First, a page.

Influenza update - 22 November 2010


The Global Influenza Programme monitors influenza activity worldwide and publishes an update every two weeks.

The updates are based on available epidemiological and virological data sources, including FluNet (reported by the Global Influenza Surveillance Network), FluID and influenza reports from WHO Regional Offices and Member States. Completeness can vary among updates due to availability and quality of data available at the time when the update is developed.

Description: Displayed data reflect the most recent information reported to FluNet, WHO regional offices or on ministry of health websites in the last 2 weeks.

The percent of specimens tested positive for influenza includes all specimens tested positive for all influenza subtypes. The pie charts show the distribution of virus subtypes among all specimens that were tested positive for influenza.

The available country data were joined in larger geographical areas (Influenza transmission zones)with similar influenza transmission patterns in order to present an overview

Influenza - Update 121

19 November 2010 - Summary:

Worldwide, influenza activity remains low, except in limited areas of tropical Asia and temperate South America. Although the winter influenza season in the temperate zone of the Southern Hemisphere formally concluded during early October 2010 and generally transmission has been negligible since then, there have been recent reports of localized, late season epidemic influenza activity in Argentina, most notably in several provinces in the northwestern part of the country. As the temperate zone of the Northern Hemisphere enters the late autumn and winter months, influenza activity remains at or below seasonal baseline in most countries of Europe, North America, and temperate Asia. Seasonal influenza B and A(H3N2) viruses continue to co-circulate worldwide, with the later slightly predominant; influenza H1N1 (2009) virus circulation continues to be detected at low to moderate levels across Asia, and sporadically in other parts of the world.

Countries in the temperate zone of the Southern Hemisphere

In most countries of the temperate zone of the Southern Hemisphere, influenza virus circulation remained low to sporadic and ILI activity levels remained near or below baseline. In Argentina, however, there have been recent reports of localized, late season epidemics of influenza occurring during September and October 2010 in the several northwestern and far southern provinces. These outbreaks have been associated with circulation of influenza A viruses (some isolates have been characterized as seasonal influenza A(H3N2) but most have not been subtyped). In neighboring Chile, overall influenza activity remained low through late October 2010 after a recently concluded influenza season characterized by a predominance of circulating seasonal influenza A(H3N2) viruses. In South Africa, small numbers of influenza B viruses continued to be detected as the winter influenza season came to an end. In Australia, low level co-circulation of influenza B and H1N1 (2009) viruses continued to be detected through early November 2010 as levels of ILI remained low.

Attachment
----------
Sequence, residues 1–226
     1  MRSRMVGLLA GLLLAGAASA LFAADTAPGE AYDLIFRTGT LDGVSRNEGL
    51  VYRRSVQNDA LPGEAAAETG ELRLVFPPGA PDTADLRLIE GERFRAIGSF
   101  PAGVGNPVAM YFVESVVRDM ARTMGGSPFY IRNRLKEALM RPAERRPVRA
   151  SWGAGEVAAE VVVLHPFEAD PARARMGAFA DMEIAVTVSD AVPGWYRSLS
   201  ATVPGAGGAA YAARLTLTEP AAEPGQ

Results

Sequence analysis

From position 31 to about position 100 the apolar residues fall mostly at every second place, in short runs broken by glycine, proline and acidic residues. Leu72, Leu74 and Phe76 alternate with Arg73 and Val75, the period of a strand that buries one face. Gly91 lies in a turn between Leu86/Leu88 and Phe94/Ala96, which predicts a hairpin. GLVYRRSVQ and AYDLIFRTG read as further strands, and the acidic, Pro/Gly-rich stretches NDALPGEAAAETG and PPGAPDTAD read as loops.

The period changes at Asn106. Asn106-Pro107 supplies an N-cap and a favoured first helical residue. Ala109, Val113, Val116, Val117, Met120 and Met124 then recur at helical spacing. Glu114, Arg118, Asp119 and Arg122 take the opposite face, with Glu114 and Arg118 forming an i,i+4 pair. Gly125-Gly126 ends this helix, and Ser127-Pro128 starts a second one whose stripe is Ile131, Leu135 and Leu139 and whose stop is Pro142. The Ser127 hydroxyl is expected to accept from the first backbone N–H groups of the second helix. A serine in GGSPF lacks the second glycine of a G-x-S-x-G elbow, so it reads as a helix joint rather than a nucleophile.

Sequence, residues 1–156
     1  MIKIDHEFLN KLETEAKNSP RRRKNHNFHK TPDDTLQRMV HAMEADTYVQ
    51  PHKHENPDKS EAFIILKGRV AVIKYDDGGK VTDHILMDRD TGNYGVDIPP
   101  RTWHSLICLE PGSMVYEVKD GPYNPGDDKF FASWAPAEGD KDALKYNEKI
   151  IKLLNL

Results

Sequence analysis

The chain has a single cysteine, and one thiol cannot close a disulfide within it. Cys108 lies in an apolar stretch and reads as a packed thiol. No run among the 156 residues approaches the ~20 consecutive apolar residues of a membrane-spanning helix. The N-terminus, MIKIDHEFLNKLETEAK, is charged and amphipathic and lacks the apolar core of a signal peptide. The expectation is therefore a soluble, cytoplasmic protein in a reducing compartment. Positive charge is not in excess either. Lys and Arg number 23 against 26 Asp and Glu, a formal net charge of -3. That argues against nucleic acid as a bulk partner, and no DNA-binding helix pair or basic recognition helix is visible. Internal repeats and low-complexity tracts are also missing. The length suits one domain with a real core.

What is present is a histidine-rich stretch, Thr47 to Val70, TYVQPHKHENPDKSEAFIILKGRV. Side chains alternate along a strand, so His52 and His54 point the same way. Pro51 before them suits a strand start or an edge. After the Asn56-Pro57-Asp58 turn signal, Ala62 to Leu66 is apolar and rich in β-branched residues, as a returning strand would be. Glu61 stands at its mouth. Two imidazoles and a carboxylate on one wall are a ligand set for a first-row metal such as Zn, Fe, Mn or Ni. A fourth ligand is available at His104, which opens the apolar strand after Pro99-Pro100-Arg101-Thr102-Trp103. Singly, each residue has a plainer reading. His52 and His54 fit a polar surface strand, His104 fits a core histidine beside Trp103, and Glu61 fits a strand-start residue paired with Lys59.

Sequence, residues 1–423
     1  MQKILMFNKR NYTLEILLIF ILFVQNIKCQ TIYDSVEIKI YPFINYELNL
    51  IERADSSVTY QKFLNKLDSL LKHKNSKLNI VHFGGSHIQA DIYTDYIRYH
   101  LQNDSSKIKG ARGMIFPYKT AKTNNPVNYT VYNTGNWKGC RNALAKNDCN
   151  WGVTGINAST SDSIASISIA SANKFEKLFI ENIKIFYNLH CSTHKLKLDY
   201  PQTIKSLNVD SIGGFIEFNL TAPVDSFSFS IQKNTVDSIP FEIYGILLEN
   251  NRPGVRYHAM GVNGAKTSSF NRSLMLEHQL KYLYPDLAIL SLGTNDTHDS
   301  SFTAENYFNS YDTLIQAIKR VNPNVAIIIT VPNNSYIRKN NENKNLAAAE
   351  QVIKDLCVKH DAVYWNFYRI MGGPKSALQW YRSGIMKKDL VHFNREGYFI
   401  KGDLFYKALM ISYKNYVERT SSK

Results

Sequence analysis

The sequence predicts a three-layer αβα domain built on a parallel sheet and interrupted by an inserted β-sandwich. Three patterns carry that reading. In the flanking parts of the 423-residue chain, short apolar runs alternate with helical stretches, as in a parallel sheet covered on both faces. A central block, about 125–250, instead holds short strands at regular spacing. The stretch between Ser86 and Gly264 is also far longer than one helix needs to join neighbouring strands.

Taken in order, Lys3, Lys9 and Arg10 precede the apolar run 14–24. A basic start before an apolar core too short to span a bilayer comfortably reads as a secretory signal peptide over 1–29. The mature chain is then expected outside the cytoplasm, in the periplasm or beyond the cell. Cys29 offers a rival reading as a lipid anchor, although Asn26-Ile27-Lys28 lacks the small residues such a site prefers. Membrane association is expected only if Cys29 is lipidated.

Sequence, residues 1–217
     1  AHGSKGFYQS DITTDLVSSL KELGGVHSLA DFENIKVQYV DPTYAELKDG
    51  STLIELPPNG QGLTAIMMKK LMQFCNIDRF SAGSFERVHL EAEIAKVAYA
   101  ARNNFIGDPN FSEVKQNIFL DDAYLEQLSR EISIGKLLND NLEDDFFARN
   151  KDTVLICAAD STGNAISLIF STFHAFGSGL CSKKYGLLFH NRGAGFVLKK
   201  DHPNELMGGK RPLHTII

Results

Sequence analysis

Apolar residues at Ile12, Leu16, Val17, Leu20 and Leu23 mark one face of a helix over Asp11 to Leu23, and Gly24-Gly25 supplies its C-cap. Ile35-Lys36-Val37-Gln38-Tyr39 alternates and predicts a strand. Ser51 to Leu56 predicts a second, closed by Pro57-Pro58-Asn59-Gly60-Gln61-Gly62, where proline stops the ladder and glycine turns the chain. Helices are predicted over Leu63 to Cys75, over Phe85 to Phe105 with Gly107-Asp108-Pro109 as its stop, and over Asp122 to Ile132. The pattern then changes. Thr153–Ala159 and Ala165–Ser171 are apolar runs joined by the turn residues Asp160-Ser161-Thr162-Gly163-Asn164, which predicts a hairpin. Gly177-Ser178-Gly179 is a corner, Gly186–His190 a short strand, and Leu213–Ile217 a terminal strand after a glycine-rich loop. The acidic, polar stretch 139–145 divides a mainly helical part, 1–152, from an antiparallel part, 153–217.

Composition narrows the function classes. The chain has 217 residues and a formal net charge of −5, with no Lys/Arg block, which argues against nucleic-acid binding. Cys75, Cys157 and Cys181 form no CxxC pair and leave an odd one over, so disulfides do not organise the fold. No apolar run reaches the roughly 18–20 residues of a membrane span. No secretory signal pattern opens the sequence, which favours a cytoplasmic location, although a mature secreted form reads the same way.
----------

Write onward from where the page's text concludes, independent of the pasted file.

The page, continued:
Countries in the tropical zone

Several countries of Southeast Asia continued to report active circulation of influenza viruses. In Thailand, as of mid to late October 2010, there continued to be reports of active but declining co-circulation of seasonal influenza A(H3N2), B, and influenza H1N1 (2009) viruses. In neighboring Cambodia, since September 2010, there has been sustained active circulation of predominantly seasonal A(H3N2) viruses, but also to a lesser extent, seasonal influenza B and H1N1 (2009). In Hong Kong SAR (China), small numbers of seasonal influenza A(H3N2) viruses continue to be detected as levels of ILI have largely returned to seasonal levels after a recently concluded period of epidemic influenza activity. In Singapore, sustained co-circulation of seasonal influenza and H1N1 (2009) viruses has been observed, in varying proportions over time, since April 2010; levels of ARI have remained within the expected seasonal range over past two months. Elsewhere in Asia, Sri Lanka has reported a recent increase in the circulation of seasonal influenza A(H3N2), B, and H1N1 (2009) viruses, while in both Bangladesh and India, influenza activity appears to have significantly subsided after a period of persistent influenza virus circulation since March and June 2010, respectively.

In most countries in the tropics of the Americas, influenza activity has largely subsided. This comes after a period of variable influenza virus transmission spanning late July through early October 2010 during which many countries in the region observed active circulation of seasonal A(H3N2) viruses, while a few noted either seasonal influenza B or H1N1 (2009) activity. More recently, during October 2010, low to moderate levels of influenza A(H3N2) and H1N1 (2009) viruses have been detected in parts of Bolivia and Colombia, respectively.